England captain Heather Knight (left)

SKIPPER Heather Knight is happy England have not to be branded favourites for this summer's Women's World Cup.

Knight, whose cricket journey started in Devon with Plymstock, is looking to end an eight-year wait by England for some international silverware.

England have not won a global trophy since completing the World Cup and World T20 double in 2009.

South Africa, New Zealand, Australia and India are all above England in the latest one-day ranking.

The one-two-three in the alternative ICC World Championship standings is Australia, England and New Zealand.

Knight, who also captains West Country women's super league side Western Storm, is excited about the prospect of leading her country at a first major tournament.

Playing in front of a sell-out final at Lord's is Knight's aim, not that she is taking anything for granted.

'Historically English fans have been the best supporters of women's cricket in the world,' said Knight.

'We had an event at Lord's recently and met some of our World Cup winners from 1973 and 1993.

'It would be lovely if 2017 can be a special year for us and we can reach that final, but there's a lot of cricket to play before then.

'There's the added pressure of a home World Cup but we've been trying to tap into a sense of togetherness, trying to have fun with our cricket and that's coming across in our performances.

'We may not go in as favourites but that will suit us.'

Coach Mark Robinson is backing England to make an impact on home soil.

The former Sussex coach took the team to the semi-finals of the 2015 T20 in Bangladesh, his first experience of tournament cricket,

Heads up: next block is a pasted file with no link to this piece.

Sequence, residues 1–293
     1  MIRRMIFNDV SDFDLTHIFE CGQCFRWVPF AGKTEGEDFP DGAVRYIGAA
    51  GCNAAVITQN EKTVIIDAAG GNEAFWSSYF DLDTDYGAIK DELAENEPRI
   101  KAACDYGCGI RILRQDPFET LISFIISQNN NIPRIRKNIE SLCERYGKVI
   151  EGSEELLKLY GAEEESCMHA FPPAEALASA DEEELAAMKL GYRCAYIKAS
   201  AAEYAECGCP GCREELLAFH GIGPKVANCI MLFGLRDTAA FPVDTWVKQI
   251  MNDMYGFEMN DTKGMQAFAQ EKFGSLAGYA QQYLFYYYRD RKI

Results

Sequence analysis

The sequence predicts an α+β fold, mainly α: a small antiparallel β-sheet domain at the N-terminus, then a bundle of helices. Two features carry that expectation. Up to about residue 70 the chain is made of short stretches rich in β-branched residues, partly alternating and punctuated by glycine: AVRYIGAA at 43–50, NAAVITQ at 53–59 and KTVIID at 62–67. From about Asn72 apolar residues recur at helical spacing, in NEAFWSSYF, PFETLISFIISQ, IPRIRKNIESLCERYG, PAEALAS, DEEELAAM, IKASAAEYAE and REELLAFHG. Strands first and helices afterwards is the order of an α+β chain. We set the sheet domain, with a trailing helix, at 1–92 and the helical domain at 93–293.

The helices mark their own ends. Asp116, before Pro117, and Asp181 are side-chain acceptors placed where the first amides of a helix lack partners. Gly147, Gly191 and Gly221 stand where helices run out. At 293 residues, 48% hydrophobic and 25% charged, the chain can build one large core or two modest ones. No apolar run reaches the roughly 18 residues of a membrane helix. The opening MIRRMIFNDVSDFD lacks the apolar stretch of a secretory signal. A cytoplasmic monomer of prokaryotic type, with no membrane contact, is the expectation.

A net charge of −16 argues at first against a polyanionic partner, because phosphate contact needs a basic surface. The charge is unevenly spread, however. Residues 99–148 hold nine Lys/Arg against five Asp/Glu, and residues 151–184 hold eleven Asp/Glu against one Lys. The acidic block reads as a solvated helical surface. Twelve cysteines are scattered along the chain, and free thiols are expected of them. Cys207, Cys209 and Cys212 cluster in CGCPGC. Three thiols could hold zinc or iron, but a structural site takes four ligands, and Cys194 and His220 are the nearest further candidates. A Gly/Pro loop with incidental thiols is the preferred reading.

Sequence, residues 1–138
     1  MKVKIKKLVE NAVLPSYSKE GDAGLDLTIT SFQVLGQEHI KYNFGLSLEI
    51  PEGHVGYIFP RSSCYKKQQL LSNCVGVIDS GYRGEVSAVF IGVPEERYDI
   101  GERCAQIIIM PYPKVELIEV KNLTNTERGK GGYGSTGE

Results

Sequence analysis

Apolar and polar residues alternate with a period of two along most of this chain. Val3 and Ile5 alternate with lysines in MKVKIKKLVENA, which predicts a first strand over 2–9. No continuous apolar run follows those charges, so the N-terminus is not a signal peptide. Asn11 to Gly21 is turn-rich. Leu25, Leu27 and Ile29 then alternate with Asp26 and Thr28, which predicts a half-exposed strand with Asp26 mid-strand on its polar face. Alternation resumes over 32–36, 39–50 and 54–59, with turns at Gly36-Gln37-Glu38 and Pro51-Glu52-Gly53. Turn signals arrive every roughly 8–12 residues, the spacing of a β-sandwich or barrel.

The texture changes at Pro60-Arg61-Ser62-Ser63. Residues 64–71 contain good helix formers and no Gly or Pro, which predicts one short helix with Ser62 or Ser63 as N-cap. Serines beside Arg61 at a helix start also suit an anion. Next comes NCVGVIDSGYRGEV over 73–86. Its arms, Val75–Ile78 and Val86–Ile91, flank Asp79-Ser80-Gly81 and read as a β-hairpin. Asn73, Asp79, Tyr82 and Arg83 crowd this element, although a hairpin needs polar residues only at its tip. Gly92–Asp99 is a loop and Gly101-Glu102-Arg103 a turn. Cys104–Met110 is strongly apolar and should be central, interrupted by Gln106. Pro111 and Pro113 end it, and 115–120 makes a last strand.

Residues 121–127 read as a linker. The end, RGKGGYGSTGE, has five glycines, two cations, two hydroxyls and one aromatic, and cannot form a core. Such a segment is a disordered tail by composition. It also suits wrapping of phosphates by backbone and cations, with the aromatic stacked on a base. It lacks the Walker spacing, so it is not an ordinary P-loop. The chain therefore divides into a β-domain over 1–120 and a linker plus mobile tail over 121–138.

Robinson expects more challengers, and more quality players, than ever before in the eight-team field and is eager to face the task head on.

'The women's game has had such good investment and the speed of change is enormous,' he said on the day that the fixture list was announced.

'I think you're going to see the best quality you've ever seen. There are some outstanding players and no easy games anymore. I think there used to be to a degree but not any more.

'That's good for women's cricket. It's not as easy for the coaches but really it's what we crave.

'We need games that are tough, we need to lose some games because that's how you learn and have a chance to respond.'

The tournament will get under way on Saturday, 24 June as 28 matches will be held over 21 days, including four weekends, meaning more opportunities for fans to attend

England open their campaign against India in Derby on June 24, with other group games at Leicester, Taunton and Bristol before the Lord's final on July 23.

Bristol is the venue for England's games against South Africa (July 5),Australia (July 9) and the West Indies (July 15).

Seven qualifying matches are planned for Bristol, followed by a semi-final on July 18.

Somerset host England's game against Sri Lanka on July 2. Six other matches will take place at Taunton between June 26 - Australia versus West Indies - and July 15 when South Africa face Australia.

Tickets for all matches can be purchased through www.icc-cricket.com/tickets